What is revolutionary or audacious about this work? For the modern reader there is nothing sensational about an evaluation of existing conventions or a description of a young woman’s erotic life. We are accustomed to these. If we are to understand how the novel broke conventions and created a new way of viewing reality we must examine the expectations of the period.

The book is an account of Mirdja Ast’s spiritual growth from youth to her death. What was new for the time was the way in which the work concentrates on the development of the central character’s intellect and emotions by bringing out all the experiences that affect her inner life. External events do not hold much significance. The portrait of Mirdja emerges from her conflicts with conventional morality and her relationships with different men. She is looking for someone dominant and fulfilling but the men she finds are all inadequate in some way. She is looking for a man to respect her as a human being. She is looking for love but comes to see friendship as the only lasting human relationship.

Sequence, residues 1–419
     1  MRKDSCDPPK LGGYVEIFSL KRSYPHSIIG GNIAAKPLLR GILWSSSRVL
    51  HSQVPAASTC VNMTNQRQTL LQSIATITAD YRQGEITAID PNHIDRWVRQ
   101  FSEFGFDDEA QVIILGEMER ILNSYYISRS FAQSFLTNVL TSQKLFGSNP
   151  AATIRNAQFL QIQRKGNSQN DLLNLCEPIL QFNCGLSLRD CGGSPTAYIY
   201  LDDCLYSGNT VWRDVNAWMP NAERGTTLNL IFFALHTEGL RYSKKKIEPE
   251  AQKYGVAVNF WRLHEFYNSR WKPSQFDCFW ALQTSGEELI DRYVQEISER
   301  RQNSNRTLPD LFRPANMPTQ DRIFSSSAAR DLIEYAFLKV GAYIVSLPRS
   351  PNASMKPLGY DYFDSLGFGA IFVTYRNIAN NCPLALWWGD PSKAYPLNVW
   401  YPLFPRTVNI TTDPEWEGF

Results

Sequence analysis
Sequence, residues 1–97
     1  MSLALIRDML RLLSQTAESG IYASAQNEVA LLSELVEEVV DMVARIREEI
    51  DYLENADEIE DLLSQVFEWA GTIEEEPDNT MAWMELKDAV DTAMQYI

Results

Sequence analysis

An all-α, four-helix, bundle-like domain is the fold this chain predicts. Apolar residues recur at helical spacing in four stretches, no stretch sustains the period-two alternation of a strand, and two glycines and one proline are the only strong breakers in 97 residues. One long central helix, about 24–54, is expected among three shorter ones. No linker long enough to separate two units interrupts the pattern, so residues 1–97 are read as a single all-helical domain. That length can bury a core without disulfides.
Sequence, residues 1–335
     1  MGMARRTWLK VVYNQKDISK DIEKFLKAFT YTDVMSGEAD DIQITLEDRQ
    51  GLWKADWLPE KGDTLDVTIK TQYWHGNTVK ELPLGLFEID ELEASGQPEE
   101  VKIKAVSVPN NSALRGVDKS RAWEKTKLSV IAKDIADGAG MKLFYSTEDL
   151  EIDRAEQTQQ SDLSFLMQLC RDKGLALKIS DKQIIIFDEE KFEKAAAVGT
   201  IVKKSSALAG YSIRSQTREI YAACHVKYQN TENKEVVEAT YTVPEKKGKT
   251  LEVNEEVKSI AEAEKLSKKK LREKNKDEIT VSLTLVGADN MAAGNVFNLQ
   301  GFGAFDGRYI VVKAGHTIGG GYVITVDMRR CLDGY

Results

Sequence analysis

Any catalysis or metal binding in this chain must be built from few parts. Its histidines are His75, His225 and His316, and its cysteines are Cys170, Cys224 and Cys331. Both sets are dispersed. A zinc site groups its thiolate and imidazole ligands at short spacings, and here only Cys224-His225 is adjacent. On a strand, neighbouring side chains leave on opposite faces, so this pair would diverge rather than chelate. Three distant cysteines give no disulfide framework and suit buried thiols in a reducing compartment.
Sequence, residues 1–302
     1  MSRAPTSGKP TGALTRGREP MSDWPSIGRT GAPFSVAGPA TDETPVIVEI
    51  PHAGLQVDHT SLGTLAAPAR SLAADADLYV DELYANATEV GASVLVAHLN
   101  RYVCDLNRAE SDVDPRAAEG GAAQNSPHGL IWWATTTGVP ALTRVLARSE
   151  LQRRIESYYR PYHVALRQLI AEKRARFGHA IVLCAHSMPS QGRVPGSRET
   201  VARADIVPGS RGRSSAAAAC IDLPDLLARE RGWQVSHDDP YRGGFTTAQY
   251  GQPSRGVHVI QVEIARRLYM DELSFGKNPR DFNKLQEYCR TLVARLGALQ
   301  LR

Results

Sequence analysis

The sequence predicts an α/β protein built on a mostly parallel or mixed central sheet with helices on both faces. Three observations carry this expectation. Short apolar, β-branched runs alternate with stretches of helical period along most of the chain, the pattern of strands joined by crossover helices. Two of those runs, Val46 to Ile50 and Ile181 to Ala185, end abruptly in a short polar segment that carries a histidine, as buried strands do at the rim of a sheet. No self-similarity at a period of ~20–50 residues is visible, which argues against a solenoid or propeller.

The book is written deliberately from a woman’s point of view. Mirdja is definitively feminine, but she represents the new style woman, who hasn’t yet a place in society. She recognizes her own emotional and intellectual persona more clearly than most women of her day. She is able to see herself and others and their relation to society with merciless clarity. She can do this because she is not bound by the presupposed behaviour patterns of society. This is possible for her because she has not been brought up or educated in the way conventional for most women of her time. Her childhood and youth were spent in the care of an uncle who took personal responsibility for her individual schooling. She has lived freely without any kind of social obligation. She doesn’t come into contact with society until she enters the university as a student. She is brilliantly gifted but her tragedy is that her upbringing has not prepared her for the society in which she must live.